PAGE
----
Football as PE sounds so obvious for a genuine government-led sporting nation.

“It’s not even PE, it’s a class,” Quinn corrects. “Some would go play hockey, Olympic handball. Thankfully I didn’t have to grade them. There are classes to back that up. Everything is based around that.

“It definitely shaped me in terms of how I look at things and how they build at club level. I constantly talk about it and you’d love to see it more from clubs in Ireland.”

Louise Quinn heads home a goal for Fiorentina during a Women’s Champions League Round match against Slavia Praha at Stadio Artemio Franchi in Florence last December. Photograph: Gabriele Maltinti/Getty Images
Louise Quinn heads home a goal for Fiorentina during a Women’s Champions League Round match against Slavia Praha at Stadio Artemio Franchi in Florence last December. Photograph: Gabriele Maltinti/Getty Images

Quinn moves into the territory of the GAA club.

“Stuff that doesn’t have to involve money. Just a lot of time and effort. We had a schedule for the stuff we needed to do around the town. Oh my God I was doing stuff weekly.

“I judged a Bake Off in the middle of the city one day and dressed as a banana because it was for Fair Trade. The town got to know you and love you and trusted you and we’d get crowds and crowds of people [at games]. For me that was so special and so simple, giving your own personal time and the club would run it.”

Down to the serious question: what cake won?

“Definitely one with a lot of icing. I had to taste them all.”

Any visuals of the banana costume?

“There is a picture but you can’t find it.”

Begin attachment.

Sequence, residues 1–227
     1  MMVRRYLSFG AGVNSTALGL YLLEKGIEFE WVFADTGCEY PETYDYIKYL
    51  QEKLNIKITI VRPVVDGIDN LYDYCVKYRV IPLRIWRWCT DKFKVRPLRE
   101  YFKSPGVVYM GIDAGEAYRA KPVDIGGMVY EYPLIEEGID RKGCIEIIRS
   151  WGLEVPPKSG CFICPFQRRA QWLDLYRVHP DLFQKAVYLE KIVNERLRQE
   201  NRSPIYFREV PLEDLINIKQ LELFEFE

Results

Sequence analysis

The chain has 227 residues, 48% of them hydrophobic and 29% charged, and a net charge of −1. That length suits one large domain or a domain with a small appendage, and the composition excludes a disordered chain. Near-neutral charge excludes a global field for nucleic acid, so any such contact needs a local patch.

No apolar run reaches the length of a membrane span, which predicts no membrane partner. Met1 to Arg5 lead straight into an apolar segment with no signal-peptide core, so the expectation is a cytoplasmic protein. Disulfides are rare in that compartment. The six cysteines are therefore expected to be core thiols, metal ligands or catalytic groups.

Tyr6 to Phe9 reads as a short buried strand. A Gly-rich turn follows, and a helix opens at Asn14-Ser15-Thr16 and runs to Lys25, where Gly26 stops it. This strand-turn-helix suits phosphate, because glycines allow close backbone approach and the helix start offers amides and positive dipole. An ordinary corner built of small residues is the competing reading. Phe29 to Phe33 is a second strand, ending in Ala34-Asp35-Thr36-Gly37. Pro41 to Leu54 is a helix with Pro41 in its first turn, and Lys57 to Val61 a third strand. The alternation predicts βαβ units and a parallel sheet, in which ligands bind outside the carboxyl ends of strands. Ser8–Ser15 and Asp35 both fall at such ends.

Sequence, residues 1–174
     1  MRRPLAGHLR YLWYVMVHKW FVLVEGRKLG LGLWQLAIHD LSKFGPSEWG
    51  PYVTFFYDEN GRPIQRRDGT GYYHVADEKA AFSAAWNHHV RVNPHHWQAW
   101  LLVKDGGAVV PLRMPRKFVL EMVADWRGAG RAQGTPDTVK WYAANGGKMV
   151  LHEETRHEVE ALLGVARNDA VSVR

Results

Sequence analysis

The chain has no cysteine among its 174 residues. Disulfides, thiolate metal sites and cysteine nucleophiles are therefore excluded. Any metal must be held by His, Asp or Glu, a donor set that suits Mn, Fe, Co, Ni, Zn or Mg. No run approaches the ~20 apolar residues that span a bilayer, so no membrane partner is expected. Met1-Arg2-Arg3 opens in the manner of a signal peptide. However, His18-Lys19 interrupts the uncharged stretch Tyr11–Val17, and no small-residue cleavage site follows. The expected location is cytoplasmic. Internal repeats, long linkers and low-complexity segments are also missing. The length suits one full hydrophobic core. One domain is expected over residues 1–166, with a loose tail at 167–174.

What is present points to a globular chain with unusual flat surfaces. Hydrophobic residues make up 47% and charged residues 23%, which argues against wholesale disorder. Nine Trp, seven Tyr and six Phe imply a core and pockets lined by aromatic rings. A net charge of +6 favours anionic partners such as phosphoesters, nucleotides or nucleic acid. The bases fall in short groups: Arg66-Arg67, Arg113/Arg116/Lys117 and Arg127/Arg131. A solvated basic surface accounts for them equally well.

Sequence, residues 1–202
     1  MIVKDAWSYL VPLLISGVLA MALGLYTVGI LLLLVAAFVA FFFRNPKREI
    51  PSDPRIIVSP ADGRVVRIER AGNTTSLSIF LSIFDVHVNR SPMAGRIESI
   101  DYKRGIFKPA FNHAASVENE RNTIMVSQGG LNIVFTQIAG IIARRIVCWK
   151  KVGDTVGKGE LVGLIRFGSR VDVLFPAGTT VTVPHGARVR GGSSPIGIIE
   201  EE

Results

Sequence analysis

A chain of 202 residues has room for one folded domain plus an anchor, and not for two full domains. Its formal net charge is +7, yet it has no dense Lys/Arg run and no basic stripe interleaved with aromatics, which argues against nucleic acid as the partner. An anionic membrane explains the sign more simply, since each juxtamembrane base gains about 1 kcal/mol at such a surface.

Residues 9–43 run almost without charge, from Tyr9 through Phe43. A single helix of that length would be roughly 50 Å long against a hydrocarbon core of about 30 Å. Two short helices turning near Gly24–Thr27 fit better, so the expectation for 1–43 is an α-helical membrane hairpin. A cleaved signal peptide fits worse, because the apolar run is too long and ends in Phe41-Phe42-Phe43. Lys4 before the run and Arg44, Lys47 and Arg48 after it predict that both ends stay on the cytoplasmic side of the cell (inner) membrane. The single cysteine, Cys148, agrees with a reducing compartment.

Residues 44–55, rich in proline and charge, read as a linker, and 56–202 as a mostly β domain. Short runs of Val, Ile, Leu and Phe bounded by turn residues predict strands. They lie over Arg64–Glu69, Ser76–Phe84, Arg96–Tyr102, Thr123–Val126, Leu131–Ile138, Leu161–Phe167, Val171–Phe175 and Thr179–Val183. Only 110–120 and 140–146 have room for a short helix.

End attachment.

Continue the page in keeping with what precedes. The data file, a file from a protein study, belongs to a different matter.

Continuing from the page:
The follow up is to effectively ask Quinn to preview tonight’s opening World Cup qualifier against the Olympic silver medallist.

“Am I doing your job for you?”

Pretty much.

When you watch them you think ‘yeah, this is grand’ but you don’t notice their physicality and speed until you play against them

“They have kept a really similar squad for a lot of the way through, built up from youth players, but for me, it is their organisation. They can probably make a lot of passes with their eyes closed to be honest. They just know where they’re going to be, even if they get in a sticky situation, they know where to pass it and who is going to be there or at least someone should be there.

“So if they pass into an area, it is probably the player who should have been there that gets in trouble.

“They can just play these games so it is a case of can we figure it out and stop it? When you watch them you think ‘yeah, this is grand’ but you don’t notice their physicality and speed until you play against them.

“It is going to be a full 95 or 96 minutes where you cannot switch off because they have that kind of togetherness as a team. Individually, the likes of [Fridolina] Rolfo, [Stina] Blackstenius, or [Olivia] Schough will just run you silly, they’re massively experienced players. Magdalena Eriksson, who is running amok with Chelsea, is a massive player.

“I would have played against Blackstenius when she was 18 and she was shoving me off the ball. She’s almost as tall as me and maybe you don’t see that when you’re looking but you see her in person playing against her. That is definitely something they have, they just know what they’re doing. Ask them their identity, it’s at the top of their fingers.”

Parking the bus is no longer enough for this Ireland team.

“I think we’re getting to a stage where we’ve figured out our strengths. And how to do utilise them. We know defensively how we’re setting up, how to use the ball, where’s the outlet, where is this, that and the other, is it over the top with a nice controlled ball, not just a kick it long, which again, I think you can see we can do.

“Even in the [3-2 win over Australia] Heather Payne, her runs were just incredibly intelligent.

“It’s then bringing those little pieces together and I think we’ve really started to click.”